Your solution is closer to the Sanctum where grid size is the same as the trap size. Obviously with this system you will not have problem from my original question.

At the same time in the Orcs Must Die grid size is relatively small compare to the trap size. For your example grid size will be something like 100.0f instead of 300.0f and the trap size stays the same. This is where the problem shows itself.

Nothing bad about Sanctum and your solution. Maybe i even will implement it. For now i just like grid system from Orks Must Die more. Can you help with this?

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1 answer: sort voted first

I understand now. Sorry for my part of the confusion, too — I realize I was also using some ambiguous language. Plus, I guess I misremembered how Orcs Must Die handles this, probably because it's been a couple years since I last played it.

Anyway, I think I know how you can make it work, no matter how large or small your traps are, or what size your grid is.

Basically, you'll still do a raycast to see what's under the cursor, but you'll also want to do four more raycasts to make sure the trap will fit in that location: one from each corner of your trap toward the surface that it's trying to attach itself to.

As long as:

  1. the first raycast (which goes through the cursor) successfully hits using your custom collision channel; and...

  2. the next four raycasts (one from each corner of the trap), which trace toward the surface where the trap would be if moved, also hit successfully using your custom collision channel...

...then you've found a valid location to put the trap.

If you want your traps to snap to a grid, say every 100 units, you'll need to perform another raycast to ensure the snapped location is also valid for trap placement, before doing the corners tests. If the snapped location is valid, you can move the trap to that location and then do your corners raycasts to make sure the trap actually fits in that location.

(Okay, you don't need to actually move your trap to perform the corners raycasts, but it's easier to describe and imagine it that way for now. But it really would be better to not move the trap until all of the raycasts are done, and all of them succeeded, or else you may end up moving the trap twice in the same update.)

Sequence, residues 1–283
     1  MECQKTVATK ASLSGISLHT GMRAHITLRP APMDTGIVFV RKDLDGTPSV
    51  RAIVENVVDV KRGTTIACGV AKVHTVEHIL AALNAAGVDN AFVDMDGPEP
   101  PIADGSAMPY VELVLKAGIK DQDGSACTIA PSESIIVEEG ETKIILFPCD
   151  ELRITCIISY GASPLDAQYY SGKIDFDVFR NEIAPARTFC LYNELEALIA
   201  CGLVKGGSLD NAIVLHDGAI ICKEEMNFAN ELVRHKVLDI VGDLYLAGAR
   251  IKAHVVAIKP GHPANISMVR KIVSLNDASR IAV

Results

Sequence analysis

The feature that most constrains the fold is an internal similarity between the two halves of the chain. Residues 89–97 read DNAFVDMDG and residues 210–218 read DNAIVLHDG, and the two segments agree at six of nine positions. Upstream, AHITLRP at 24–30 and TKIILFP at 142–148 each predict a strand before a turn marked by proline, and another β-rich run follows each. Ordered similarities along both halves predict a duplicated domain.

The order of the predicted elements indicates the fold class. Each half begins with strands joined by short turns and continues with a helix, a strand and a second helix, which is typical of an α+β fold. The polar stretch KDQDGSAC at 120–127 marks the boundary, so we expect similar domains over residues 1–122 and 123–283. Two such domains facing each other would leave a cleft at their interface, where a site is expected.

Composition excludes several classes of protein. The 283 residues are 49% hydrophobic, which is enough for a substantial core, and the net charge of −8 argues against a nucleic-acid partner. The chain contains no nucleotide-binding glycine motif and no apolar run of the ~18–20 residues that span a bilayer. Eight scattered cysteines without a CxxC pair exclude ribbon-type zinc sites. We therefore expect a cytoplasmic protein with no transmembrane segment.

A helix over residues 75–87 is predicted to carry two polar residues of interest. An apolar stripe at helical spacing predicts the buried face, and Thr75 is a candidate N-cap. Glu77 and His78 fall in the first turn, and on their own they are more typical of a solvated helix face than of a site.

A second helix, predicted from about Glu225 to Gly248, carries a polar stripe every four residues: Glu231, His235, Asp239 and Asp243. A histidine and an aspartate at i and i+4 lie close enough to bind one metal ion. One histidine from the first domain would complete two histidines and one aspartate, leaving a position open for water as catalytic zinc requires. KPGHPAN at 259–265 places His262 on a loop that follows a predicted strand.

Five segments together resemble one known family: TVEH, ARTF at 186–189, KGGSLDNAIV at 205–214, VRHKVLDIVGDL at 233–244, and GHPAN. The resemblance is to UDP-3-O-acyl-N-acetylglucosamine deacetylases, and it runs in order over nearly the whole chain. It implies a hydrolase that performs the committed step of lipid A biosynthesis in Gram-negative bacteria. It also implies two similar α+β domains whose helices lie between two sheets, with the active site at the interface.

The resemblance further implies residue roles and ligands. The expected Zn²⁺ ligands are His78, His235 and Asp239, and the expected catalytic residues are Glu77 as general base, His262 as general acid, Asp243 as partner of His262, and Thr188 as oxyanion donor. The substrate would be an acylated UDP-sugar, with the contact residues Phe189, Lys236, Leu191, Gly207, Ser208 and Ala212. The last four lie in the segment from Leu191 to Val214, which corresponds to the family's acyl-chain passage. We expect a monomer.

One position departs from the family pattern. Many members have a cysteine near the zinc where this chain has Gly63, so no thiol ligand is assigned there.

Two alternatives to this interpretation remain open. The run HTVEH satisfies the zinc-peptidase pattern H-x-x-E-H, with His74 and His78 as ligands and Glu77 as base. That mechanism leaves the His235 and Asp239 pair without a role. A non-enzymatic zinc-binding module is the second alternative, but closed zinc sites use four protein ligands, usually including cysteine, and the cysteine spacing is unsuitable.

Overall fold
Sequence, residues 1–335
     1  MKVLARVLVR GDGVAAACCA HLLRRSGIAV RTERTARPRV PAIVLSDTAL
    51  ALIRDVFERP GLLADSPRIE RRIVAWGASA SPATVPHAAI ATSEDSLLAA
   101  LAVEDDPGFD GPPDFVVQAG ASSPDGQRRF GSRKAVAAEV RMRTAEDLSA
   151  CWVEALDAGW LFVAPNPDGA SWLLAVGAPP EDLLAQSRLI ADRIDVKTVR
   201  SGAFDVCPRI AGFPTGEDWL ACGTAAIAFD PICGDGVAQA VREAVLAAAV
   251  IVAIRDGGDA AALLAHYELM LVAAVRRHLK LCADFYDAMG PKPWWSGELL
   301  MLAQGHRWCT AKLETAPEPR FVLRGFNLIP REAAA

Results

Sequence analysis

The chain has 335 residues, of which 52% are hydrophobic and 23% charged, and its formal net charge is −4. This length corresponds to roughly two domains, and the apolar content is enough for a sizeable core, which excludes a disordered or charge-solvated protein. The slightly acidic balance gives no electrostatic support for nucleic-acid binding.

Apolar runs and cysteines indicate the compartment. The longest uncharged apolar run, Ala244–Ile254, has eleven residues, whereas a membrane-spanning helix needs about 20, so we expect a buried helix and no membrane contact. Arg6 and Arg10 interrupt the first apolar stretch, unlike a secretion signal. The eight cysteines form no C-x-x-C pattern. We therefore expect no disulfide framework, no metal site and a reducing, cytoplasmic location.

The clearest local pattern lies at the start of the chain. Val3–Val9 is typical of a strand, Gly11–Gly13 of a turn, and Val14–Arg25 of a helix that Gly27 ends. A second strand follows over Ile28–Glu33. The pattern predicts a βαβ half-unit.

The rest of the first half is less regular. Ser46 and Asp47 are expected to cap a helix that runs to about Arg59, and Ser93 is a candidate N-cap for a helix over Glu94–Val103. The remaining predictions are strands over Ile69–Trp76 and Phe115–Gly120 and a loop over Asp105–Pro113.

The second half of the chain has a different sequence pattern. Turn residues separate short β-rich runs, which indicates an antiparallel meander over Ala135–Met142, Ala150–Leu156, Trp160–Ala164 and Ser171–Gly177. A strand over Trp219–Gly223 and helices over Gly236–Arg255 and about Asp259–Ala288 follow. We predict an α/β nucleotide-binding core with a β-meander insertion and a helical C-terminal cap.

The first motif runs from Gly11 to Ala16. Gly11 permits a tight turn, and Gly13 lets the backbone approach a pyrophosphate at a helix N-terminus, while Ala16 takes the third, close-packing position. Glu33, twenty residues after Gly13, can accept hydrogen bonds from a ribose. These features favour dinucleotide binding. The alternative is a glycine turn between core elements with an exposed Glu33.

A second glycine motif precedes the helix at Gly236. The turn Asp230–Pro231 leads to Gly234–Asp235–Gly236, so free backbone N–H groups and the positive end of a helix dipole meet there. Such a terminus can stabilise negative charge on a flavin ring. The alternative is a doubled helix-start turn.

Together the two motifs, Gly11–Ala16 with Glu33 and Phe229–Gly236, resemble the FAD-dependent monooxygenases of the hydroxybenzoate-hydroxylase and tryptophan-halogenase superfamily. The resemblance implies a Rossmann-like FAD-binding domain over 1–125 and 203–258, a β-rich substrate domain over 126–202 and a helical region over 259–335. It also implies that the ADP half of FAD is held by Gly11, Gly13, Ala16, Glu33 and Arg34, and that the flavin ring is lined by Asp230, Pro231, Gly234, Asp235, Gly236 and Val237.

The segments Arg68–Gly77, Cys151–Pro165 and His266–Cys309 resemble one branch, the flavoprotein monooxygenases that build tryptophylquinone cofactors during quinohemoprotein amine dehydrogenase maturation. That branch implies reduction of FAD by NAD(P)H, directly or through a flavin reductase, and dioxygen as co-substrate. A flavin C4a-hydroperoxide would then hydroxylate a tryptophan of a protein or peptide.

Hopefully that makes sense. If you want a rough code example, I can try to write one up. I just thought I'd toss the overall idea at you and see what you thought first.

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answered Jan 12 '19 at 06:09 PM

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the_batch
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avatar image DimaGorbatenko 6 days ago

I will try this. I will answer if i succeed or need more help =) Thanks.

avatar image seraniz 4 days ago

Basically, you'll still do a raycast to see what's under the cursor, but you'll also want to do four more raycasts to make sure the trap will fit in that location: one from each corner of your trap toward the surface that it's trying to attach itself to.

As long as:

the first raycast (which goes through the cursor) successfully hits using your custom collision channel; and...

the next four raycasts (one from each corner of the trap), which trace toward the surface where the trap would be if moved, also hit successfully using your custom collision channel...

...then you've found a valid location to put the trap.

avatar image DimaGorbatenko 3 days ago

So I did this and it works. Thanks again.

avatar image the_batch 3 days ago

Great! Really glad to hear it works!

By the way, I converted my comment to an answer, so you can mark the post as resolved if you want.